Railways juice bar posterThe Victorian Railways Refreshment Branch opened a stall selling freshly squeezed orange and lemon juice drinks at Melbourne’s Flinders Street Station in 1926. It was an initiative of the chairman of the Victorian Railways Commissioners, Harold Clapp. This was one of many innovations Clapp introduced to aid farmers and increase the railways’ freight business. He believed it was the Commonwealth’s first fresh juice bar.

Harold Clapp made many changes to the operation of Victoria’s railways and took a particular interest in catering arrangements. His decision to introduce the fruit juice bar may have had as much to do with boosting profitability as it did to improving the health of passengers. By encouraging the transport of fruit he increased the amount of freight the trains carried, while the fruit kiosks and juice bars were profitable enterprises in themselves.

The first juice bar opened on 2 November 1926 but it seems that the juices were heavily sweetened – a mixture of freshly squeezed fruit juice, sugar, syrup and soda. To be fair, they were advertised as “fruit juice drinks” rather than pure juices and in the 1920s sugar was still regarded as a healthy natural product.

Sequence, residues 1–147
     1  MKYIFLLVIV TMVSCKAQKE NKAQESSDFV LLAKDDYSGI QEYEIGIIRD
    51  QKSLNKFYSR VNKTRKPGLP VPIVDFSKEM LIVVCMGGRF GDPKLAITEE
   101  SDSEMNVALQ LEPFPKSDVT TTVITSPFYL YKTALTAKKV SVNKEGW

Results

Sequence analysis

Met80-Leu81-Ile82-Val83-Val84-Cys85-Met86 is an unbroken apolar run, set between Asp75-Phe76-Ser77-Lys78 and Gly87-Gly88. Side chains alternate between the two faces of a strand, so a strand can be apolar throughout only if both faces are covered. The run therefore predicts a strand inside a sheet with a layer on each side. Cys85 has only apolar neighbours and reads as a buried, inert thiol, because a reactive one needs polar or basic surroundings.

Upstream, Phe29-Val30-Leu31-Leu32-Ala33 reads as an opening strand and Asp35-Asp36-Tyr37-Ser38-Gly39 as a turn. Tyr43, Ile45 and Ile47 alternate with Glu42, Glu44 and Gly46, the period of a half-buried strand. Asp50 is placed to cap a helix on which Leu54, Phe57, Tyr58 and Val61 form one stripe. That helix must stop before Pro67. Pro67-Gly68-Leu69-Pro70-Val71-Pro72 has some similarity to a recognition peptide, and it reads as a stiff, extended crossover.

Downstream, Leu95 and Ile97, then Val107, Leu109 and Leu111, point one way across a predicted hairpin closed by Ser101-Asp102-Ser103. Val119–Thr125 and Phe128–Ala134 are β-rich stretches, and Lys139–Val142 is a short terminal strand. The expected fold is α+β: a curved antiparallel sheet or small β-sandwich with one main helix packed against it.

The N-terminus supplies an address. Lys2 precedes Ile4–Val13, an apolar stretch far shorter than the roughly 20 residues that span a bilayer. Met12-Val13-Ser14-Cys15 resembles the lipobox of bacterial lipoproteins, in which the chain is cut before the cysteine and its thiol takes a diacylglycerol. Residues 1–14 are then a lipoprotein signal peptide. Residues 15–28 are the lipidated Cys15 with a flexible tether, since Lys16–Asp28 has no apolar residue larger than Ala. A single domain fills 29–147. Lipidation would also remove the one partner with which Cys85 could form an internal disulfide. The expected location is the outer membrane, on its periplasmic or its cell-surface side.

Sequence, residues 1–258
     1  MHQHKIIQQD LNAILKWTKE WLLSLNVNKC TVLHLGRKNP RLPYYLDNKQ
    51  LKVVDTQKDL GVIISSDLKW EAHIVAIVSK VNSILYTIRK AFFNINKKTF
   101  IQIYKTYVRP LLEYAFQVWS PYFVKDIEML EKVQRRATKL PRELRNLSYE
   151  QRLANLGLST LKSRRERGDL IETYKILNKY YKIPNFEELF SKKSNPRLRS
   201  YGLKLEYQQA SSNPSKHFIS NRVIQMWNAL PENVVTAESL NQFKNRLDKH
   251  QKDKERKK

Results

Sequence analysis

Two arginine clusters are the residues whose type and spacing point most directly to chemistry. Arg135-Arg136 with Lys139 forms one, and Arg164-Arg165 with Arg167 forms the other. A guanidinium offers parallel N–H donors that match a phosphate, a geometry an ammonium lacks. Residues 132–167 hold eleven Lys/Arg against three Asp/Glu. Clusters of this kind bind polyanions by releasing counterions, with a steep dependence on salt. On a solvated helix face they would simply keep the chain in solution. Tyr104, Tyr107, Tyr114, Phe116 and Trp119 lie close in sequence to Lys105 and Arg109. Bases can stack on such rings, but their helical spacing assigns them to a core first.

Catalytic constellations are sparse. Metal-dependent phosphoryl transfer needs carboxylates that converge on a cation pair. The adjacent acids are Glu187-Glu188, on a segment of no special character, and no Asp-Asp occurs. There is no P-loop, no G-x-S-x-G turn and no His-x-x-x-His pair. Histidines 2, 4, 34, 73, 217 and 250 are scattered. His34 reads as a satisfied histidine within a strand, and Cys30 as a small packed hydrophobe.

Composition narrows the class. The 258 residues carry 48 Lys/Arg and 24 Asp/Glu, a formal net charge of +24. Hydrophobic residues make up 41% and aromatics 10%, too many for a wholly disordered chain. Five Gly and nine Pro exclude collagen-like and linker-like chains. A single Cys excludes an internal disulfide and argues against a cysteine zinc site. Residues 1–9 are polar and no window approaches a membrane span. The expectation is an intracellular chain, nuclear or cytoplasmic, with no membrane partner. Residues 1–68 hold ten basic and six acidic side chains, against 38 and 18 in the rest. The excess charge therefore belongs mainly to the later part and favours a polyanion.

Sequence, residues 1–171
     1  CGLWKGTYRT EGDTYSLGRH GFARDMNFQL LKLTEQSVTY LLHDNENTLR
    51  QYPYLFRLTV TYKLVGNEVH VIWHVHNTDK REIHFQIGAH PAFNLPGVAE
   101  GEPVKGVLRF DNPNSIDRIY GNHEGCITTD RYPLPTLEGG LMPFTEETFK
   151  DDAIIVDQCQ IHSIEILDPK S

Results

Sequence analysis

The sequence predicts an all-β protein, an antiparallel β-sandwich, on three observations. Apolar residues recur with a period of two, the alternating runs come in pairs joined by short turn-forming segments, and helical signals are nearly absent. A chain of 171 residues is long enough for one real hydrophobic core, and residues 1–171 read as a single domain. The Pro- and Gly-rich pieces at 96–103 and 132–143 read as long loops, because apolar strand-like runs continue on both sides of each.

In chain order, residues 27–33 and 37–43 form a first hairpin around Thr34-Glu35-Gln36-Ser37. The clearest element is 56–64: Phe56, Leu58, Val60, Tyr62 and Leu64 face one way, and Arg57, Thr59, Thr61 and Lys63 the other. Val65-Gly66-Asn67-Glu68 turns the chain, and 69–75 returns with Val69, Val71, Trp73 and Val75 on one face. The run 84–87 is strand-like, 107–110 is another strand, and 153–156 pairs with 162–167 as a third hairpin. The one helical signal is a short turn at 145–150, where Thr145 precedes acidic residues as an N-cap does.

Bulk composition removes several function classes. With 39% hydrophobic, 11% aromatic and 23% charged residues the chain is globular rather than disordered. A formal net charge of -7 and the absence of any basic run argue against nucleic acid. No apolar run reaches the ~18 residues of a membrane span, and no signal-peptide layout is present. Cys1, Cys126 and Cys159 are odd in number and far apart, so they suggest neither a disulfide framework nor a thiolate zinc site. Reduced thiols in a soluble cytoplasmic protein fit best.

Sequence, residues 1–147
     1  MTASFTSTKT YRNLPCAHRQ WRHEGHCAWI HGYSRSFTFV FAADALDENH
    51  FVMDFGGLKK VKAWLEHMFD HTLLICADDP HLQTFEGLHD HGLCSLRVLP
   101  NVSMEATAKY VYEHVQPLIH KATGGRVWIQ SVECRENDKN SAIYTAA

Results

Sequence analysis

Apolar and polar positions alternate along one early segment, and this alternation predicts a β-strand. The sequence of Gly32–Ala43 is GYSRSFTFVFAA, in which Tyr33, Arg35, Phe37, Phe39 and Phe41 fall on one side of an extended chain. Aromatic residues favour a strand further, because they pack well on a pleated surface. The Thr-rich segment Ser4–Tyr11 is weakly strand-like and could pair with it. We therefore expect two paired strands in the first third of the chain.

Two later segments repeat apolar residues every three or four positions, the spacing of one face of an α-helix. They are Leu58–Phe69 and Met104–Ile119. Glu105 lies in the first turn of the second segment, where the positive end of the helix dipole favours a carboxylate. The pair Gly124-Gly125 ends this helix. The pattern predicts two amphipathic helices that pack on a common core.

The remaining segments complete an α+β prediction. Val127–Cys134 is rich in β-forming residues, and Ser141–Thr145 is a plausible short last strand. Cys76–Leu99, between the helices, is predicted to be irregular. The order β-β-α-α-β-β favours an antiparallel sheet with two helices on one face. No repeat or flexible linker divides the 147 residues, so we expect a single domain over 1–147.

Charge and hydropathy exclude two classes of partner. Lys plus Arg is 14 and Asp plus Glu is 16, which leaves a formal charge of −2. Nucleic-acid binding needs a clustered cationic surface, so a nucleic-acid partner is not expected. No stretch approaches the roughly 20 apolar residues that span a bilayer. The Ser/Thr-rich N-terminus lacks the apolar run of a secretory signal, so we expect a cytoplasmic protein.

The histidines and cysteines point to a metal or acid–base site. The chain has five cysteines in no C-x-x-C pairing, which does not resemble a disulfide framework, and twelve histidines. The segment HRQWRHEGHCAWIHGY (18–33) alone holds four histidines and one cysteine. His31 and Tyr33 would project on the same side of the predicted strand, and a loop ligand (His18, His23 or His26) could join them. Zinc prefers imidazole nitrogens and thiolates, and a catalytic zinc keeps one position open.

juice bar advertising at Flinders Street

At the Flinders Street juice bar, patrons purchased tickets from a booth and collected their juice from the staff at the counter. Clapp insisted that all juice was freshly squeezed in front of the customer.  He was a believer in advertising, using billboards at the station to promote the juice bar, fruit stalls and his other big innovation: raisin bread.

Clapp’s achievements were not restricted to the railway’s catering arrangements. He modernised and reorganised the Victorian railways and was responsible for the introduction of the Spirit of Progress, described as “one of the world’s finest passenger trains”, which ran to the NSW border and later to Sydney. He also started cheap holiday excursions and established a children’s creche at Flinders Street.